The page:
Walker Buehler didn’t watch Game 2 of the World Series live. He departed Logan International Airport a half-hour before the first pitch was thrown at Fenway Park on Wednesday and landed about a half-hour after Craig Kimbrel secured the final out in a 4-2 victory for the Boston Red Sox. He did, however, purchase the in-flight WiFi to follow along as his team plunged to a 2-0 series deficit.
He went unrecognized by his fellow travelers. He claimed he kept his emotions subdued during the cross-country misery.
“I was pretty polite,” Buehler recalled on Thursday.
Buehler flew ahead of his team in preparation for the next checkpoint in his increasingly challenging rookie season: Game 3 at Dodger Stadium on Friday night. It does not qualify as the must-win event he and his teammates overcame in Game 7 of the National League Championship Series against the Milwaukee Brewers, but the import is not far off.
“For us, right now,” Dodgers manager Dave Roberts said, “it’s a game we really need to win.”
Friday will not be the first time the Dodgers will rely on the poised 24-year-old Buehler to perform in a high-stakes spot after a season spent digging out of holes. They turned to him every five days down the regular season’s stretch to help keep them afloat in the National League West race. He responded with one of baseball’s best second halves, tapping into his ace-level potential, which supplied the confidence to give him the ball in Game 163 to seal the division title before going to him in their first road playoff game and again on the road in Milwaukee with the season on the line last week.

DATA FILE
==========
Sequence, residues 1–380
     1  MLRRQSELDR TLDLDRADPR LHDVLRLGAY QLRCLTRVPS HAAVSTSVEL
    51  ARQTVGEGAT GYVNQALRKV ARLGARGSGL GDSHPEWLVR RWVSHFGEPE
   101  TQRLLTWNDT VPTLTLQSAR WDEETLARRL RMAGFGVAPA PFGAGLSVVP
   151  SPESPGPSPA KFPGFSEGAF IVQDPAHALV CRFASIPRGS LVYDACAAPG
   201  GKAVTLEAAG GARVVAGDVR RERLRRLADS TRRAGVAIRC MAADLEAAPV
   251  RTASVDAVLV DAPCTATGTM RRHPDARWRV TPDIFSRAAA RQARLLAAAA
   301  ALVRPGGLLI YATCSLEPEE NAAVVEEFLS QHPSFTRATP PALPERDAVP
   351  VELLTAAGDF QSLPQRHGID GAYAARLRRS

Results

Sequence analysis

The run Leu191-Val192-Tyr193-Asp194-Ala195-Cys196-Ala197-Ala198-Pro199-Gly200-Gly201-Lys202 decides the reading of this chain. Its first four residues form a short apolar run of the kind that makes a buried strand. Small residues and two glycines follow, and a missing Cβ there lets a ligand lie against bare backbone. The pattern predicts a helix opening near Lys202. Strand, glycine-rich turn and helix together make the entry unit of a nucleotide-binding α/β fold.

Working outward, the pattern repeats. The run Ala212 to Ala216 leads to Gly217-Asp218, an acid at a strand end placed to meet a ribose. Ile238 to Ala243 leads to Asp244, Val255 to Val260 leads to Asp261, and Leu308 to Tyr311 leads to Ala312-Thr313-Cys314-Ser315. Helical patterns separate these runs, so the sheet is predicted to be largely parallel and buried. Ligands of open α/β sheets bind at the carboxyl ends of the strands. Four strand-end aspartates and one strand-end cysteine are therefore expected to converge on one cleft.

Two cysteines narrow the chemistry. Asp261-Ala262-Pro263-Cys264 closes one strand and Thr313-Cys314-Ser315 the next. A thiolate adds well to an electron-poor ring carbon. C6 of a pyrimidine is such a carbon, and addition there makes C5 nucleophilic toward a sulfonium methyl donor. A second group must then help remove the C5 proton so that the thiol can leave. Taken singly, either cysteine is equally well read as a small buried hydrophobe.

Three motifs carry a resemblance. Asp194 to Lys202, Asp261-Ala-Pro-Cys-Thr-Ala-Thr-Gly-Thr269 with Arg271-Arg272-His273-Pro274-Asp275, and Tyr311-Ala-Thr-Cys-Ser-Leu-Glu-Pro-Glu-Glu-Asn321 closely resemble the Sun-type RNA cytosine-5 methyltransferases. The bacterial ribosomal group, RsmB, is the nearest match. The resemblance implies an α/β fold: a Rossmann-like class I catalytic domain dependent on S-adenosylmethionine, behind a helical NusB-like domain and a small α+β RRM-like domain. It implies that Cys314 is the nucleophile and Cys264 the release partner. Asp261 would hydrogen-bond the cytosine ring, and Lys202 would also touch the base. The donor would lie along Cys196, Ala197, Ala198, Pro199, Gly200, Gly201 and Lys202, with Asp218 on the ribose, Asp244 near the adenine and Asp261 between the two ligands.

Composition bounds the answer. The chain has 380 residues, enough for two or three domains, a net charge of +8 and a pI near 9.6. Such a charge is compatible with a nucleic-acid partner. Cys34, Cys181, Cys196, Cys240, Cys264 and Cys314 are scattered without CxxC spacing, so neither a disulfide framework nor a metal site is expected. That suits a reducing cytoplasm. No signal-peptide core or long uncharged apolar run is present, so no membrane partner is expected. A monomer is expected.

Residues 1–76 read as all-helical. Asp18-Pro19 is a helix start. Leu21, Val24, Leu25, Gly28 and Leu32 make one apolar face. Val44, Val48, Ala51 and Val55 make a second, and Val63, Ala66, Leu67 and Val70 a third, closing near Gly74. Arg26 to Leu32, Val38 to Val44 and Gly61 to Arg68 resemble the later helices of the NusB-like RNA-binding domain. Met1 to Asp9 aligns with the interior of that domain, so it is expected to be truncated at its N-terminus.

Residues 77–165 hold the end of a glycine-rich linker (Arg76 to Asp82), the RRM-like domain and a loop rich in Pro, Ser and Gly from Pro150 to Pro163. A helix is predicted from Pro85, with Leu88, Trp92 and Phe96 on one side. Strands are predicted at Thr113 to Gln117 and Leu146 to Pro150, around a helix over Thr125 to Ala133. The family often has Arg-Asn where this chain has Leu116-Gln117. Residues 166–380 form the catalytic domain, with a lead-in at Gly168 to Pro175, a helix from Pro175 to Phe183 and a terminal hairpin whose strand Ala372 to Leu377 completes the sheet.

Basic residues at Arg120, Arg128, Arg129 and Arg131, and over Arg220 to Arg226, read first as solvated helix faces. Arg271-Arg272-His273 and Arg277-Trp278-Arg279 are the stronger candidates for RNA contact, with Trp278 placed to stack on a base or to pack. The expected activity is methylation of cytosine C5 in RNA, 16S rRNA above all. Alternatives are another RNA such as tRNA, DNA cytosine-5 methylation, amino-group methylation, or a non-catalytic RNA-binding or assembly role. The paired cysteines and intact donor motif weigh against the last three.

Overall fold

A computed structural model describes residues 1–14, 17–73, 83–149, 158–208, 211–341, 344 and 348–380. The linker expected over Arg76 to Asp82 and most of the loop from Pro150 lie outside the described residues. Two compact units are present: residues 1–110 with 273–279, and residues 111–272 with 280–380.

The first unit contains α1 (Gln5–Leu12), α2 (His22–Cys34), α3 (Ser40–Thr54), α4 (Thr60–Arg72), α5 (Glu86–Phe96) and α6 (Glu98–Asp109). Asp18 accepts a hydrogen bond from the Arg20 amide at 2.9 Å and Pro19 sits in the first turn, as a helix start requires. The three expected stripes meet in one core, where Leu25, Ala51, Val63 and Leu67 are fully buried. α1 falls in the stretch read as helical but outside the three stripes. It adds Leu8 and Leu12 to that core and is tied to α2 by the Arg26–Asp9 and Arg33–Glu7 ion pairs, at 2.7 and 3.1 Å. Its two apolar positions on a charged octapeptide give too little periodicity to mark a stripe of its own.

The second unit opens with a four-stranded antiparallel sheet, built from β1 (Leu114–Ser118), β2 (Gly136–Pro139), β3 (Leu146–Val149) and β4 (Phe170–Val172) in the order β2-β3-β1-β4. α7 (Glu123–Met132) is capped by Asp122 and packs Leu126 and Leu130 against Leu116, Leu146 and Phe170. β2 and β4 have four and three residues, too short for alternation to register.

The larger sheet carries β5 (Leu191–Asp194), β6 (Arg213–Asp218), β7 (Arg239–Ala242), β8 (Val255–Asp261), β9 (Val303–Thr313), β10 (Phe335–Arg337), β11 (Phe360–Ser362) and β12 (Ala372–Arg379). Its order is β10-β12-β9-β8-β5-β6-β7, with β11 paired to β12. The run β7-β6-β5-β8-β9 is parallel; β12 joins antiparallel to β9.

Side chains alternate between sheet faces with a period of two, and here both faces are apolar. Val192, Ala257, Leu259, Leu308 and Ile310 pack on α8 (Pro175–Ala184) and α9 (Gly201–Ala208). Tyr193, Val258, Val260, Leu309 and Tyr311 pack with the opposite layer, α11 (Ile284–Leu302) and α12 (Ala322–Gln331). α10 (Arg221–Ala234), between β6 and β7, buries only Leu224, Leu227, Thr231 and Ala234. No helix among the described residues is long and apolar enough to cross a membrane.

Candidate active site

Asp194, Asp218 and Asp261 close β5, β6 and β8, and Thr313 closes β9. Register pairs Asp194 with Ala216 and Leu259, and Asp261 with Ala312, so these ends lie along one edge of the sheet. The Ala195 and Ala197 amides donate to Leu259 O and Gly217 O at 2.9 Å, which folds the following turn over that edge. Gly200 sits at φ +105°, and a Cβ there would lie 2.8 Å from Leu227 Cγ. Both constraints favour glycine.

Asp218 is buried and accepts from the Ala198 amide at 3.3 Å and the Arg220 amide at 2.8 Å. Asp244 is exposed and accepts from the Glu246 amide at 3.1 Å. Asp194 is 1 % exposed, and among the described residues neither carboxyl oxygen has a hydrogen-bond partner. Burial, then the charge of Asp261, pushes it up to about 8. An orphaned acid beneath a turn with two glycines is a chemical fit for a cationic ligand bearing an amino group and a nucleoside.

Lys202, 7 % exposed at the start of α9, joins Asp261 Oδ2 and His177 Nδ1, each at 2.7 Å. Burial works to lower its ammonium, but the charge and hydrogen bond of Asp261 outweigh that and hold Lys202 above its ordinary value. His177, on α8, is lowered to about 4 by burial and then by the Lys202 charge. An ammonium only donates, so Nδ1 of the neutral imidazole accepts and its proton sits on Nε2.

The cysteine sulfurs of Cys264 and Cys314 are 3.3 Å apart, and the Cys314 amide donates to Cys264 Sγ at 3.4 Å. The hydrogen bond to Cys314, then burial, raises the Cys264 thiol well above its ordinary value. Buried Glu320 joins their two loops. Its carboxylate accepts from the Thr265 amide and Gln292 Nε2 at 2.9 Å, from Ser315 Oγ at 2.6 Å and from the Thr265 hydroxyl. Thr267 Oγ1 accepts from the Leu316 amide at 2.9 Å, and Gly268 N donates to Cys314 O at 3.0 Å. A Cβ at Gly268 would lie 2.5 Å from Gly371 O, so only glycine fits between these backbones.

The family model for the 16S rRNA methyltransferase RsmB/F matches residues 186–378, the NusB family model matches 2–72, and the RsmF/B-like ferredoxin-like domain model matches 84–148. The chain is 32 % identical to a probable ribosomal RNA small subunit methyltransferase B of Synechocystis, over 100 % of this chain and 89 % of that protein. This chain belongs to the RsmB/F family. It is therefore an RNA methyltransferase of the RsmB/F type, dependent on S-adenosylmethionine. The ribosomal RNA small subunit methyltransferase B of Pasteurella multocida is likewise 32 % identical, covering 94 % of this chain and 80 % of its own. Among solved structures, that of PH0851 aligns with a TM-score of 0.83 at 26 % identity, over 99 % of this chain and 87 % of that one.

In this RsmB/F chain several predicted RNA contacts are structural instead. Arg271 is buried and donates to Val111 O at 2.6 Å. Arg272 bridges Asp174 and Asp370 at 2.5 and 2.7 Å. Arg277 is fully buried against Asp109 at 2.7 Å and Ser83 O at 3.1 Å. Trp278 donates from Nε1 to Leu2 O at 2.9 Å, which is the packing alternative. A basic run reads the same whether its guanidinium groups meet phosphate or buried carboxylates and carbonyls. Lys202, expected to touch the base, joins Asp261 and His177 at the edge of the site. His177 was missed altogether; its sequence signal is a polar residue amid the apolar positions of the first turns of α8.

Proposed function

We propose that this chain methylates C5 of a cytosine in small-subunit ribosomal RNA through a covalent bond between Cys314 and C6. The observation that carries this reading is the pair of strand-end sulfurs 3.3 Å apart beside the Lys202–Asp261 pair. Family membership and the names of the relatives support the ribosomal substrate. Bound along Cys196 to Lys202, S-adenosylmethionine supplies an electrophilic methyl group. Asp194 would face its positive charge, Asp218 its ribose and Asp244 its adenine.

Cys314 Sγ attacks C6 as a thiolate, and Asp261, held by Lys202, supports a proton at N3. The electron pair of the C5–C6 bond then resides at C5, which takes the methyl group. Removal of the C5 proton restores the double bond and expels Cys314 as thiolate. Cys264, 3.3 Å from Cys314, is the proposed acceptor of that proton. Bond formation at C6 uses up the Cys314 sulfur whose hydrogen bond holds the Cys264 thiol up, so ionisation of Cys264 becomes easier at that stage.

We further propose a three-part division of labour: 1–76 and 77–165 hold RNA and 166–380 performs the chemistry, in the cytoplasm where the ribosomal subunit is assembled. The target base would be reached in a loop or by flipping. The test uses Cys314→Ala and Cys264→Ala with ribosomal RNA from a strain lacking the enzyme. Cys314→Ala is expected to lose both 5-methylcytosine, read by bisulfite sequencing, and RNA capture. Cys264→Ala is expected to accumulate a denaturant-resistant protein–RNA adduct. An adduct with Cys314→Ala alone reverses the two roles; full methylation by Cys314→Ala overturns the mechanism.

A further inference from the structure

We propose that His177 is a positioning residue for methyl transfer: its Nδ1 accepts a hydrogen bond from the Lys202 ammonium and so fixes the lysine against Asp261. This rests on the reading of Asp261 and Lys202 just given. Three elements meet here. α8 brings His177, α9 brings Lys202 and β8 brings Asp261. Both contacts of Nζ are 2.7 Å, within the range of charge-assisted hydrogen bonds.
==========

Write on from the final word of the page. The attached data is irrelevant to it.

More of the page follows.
Buehler didn’t pitch out of the fifth inning in that outing, but he limited the Brewers to one run and six hits, didn’t issue a walk, and struck out seven across 4 2/3 innings. It was the shortest start of his three in these playoffs, but he gave up nine runs in the previous two — both losses. Last week, he kept the Dodgers in the game — and helped keep their season alive.
The Red Sox will counter Buehler with another right-hander, Rick Porcello, after both clubs started lefties in the first two games. Porcello will pitch on eight days’ rest — he last pitched in Game 4 of the ALCS on Oct. 17 and gave up four runs in four innings.
The switch to right-handed starters will have a more significant impact on the Dodgers’ lineup. After going with the same all-right configuration in the first two games, Roberts will adjust, inserting Joc Pederson, Max Muncy, and Cody Bellinger into the lineup. Pederson will lead off, Roberts said Thursday.
If the Dodgers also start Yasmani Grandal at catcher over Austin Barnes — Grandal hasn’t started since Game 3 of the NLCS after a string of poor performances — then they’ll start their top four home run hitters for the first time in the World Series. It has been the Dodgers’ more potent lineup all season, though a few midseason acquisitions bolstered the right-heavy configuration since the beginning of September.
“We’re not swinging the bats as far as the right-handers right now against the lefty, lineup,” Roberts said. “Tomorrow you’ll see a different lineup.”
The biggest lineup change for the Red Sox will be moving J.D. Martinez, their prolific designated hitter, to the outfield in a National League park — if he’s deemed healthy enough for the assignment. Martinez is battling a sore ankle after slipping on second base in Game 1.
“He felt better today walking around,” Red Sox manager Alex Cora said Thursday. “He got treatment on the way here. He’s going to get treatment tomorrow morning. In the afternoon we’ll make a decision.”
Martinez hasn’t played the field since he manned right field Sept. 28. If he plays right field Friday, Mookie Betts probably will move to center field, pushing Jackie Bradley Jr., the ALCS MVP, to the bench. Another speculated possibility was shifting Betts to second base — he began his professional career at that spot — but Cora dismissed that possibility.
The Dodgers’ latest excavation mission begins with limiting those two menaces. The task falls on Buehler, their confident battle-tested rookie.
“I don’t think anybody wants to be there,” Buehler said of being down two games to none, “but I think of the 30 teams that could be in a situation like this, we probably know how to handle it in that top echelon. It is what it is, and now it’s time to get back to where we need to be.”